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http://dx.doi.org/10.1002/14651858.CD008811.pub2DOI Listing
April 2012

Management of corneal perforation.

Surv Ophthalmol 2011 Nov-Dec;56(6):522-38

Centre for Eye Research Australia, University of Melbourne, Australia.

Corneal perforation may be associated with prolapse of ocular tissue and requires prompt diagnosis and treatment. Although infectious keratitis is an important cause, corneal xerosis and collagen vascular diseases should be considered in the differential diagnosis, especially in cases that do not respond to conventional medical therapy. Although medical therapy is a useful adjunct, a surgical approach is required for most corneal perforations. Depending on the size and location of the corneal perforation, treatment options include gluing, amniotic membrane transplantation, and corneal transplantation.
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http://dx.doi.org/10.1016/j.survophthal.2011.06.003DOI Listing
January 2012

Biological and ultrastructural properties of acelagraft, a freeze-dried γ-irradiated human amniotic membrane.

Arch Ophthalmol 2010 Oct;128(10):1303-10

Singapore National Eye Centre, Singapore 168751.

Objectives: To compare the biological and ultrastructural properties of a commercially available decellularized and dehydrated human amniotic membrane (DDHAM) product with cryopreserved human amniotic membrane (CHAM) and to demonstrate the feasibility of DDHAM transplant in a case of chronic ocular surface disease.

Methods: Histologic examination, immunohistochemical examination for extracellular matrix molecules and growth factors, transmission and scanning electron microscopy, and atomic force microscopy were performed on both DDHAM and CHAM specimens. A DDHAM transplant was performed in a patient with chronic bullous keratopathy and ocular surface instability.

Results: Histologic examination and transmission electron microscopy revealed the disruption of the trilaminar structure of the basement membrane compared with CHAM, and immunohistochemical examination confirmed the loss of collagen IV and VII, laminin, and fibronectin in DDHAM. Lower levels of several growth factors were also seen in DDHAM compared with CHAM. Clinical transplant of DDHAM was, however, successful, with rapid reepithelialization.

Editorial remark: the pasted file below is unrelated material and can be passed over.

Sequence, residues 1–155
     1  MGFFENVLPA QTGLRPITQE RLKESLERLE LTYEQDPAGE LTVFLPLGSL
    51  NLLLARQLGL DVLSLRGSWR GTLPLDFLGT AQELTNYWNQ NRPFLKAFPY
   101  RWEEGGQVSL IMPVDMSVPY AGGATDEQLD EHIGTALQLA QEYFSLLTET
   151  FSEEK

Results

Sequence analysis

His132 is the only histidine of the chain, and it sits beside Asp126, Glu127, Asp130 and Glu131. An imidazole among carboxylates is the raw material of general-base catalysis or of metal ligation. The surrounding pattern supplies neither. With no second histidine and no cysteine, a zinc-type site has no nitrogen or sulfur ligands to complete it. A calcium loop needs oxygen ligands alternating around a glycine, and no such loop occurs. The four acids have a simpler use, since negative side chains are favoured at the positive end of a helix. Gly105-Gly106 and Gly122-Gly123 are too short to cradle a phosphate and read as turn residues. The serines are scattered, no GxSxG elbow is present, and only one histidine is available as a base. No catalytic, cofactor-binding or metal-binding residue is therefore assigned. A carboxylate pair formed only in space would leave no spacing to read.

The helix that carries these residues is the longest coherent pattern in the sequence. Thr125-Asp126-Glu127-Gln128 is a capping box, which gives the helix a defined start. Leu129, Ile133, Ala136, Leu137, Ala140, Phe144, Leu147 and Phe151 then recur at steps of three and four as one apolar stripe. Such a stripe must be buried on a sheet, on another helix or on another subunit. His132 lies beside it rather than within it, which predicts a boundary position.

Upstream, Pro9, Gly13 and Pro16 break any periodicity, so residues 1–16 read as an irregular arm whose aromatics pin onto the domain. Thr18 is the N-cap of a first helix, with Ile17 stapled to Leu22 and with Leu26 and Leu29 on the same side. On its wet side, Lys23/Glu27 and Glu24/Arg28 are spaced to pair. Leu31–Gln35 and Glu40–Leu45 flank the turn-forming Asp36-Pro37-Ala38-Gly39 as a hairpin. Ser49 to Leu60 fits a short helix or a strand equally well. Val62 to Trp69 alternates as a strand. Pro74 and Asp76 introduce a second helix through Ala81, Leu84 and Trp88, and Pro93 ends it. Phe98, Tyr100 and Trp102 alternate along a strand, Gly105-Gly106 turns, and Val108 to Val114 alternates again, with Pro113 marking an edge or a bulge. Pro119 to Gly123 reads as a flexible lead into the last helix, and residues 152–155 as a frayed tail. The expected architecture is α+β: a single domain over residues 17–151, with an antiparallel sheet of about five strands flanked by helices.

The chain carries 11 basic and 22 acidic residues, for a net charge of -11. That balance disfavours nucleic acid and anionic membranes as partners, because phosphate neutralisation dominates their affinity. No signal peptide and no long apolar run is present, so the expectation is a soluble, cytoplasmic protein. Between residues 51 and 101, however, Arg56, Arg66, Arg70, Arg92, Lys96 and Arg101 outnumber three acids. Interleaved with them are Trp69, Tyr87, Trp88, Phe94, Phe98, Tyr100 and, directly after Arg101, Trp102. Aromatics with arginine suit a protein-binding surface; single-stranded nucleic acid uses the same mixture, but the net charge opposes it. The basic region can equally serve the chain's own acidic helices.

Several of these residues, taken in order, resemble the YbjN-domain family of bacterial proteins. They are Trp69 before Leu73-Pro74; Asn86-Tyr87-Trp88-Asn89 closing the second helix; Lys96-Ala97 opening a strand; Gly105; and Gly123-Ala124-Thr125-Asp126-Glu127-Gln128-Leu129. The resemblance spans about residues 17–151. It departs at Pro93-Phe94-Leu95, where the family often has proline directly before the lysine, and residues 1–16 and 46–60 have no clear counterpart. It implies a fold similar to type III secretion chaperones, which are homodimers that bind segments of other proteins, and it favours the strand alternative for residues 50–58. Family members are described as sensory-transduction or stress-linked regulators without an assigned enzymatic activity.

Conclusion: Significant differences in composition and ultrastructure exist between DDHAM and CHAM but do not appear to compromise cell survival in vivo.

Clinical Relevance: The ease of storage and handling of DDHAM make it potentially valuable in ocular surface surgery, but its biological properties have not been well characterized, and there are also few data on its clinical application.
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http://dx.doi.org/10.1001/archophthalmol.2010.222DOI Listing
October 2010

Standardized arcuate keratotomy for postkeratoplasty astigmatism.

J Cataract Refract Surg 2005 Feb;31(2):297-301

Cornea & External Diseases Service, Moorfields Eye Hospital, London, United Kingdom.

Purpose: To assess the effect of standardized, paired arcuate keratotomy (AK) on the change in astigmatism in postkeratoplasty eyes.

Setting: Moorfields Eye Hospital, London, United Kingdom.

Methods: A retrospective review was conducted of 20 eyes of 19 patients having the same AK procedure regardless of the magnitude of the preoperative astigmatism. Each eye had a pair of 60-degree arc length incisions placed in the corneal stroma. The incisions were 600 mum deep and 6.0 mm apart. The preoperative and postoperative refractions and complications were analyzed. Astigmatic change was analyzed without regard to axis, as surgically induced refractive change, and using a modified polar plot of change in astigmatism.

Results: The mean cylinder was reduced from -10.99 diopters (D) +/- 4.26 (SD) to -3.33 +/- 2.18 D. There was no significant change in the mean spherical equivalent. There was a strong correlation between the magnitude of the preoperative cylinder and the magnitude of the change in astigmatism (R2 = 0.76). In 3 eyes, the surgically induced axis of astigmatism was more than 15 degrees from that expected.

Conclusions: In postkeratoplasty eyes, the change in the magnitude of astigmatism induced by standardized AK was proportional to the preoperative magnitude of astigmatism. Arcuate nomograms for congenital astigmatism have no role in the management of astigmatism in postkeratoplasty eyes.
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http://dx.doi.org/10.1016/j.jcrs.2004.07.025DOI Listing
February 2005